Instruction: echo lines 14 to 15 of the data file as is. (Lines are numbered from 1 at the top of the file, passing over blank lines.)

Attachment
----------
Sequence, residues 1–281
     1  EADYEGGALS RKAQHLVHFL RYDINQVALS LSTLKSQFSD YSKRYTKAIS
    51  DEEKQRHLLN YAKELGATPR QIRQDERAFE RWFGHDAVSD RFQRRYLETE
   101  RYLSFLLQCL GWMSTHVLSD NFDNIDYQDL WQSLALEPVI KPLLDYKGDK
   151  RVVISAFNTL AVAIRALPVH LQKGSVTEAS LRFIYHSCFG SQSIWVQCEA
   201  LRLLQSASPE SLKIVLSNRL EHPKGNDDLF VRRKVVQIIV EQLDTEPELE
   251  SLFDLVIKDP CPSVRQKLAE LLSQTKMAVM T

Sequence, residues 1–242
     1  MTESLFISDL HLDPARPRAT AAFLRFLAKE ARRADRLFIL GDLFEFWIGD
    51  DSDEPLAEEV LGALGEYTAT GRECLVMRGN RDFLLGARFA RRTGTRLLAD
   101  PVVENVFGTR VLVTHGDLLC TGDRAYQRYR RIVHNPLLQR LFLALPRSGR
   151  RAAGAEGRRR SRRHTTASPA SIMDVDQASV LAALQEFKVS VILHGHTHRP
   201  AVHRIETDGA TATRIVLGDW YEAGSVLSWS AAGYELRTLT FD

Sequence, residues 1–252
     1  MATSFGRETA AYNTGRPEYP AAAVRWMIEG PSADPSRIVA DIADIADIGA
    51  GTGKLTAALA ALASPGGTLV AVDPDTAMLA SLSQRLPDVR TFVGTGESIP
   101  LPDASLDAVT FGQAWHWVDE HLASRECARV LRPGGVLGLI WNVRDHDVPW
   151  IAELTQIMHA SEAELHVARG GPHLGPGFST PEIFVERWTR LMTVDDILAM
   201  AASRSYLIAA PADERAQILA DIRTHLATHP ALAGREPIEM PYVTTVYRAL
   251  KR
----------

Sequence, residues 1–252
     1  MATSFGRETA AYNTGRPEYP AAAVRWMIEG PSADPSRIVA DIADIADIGA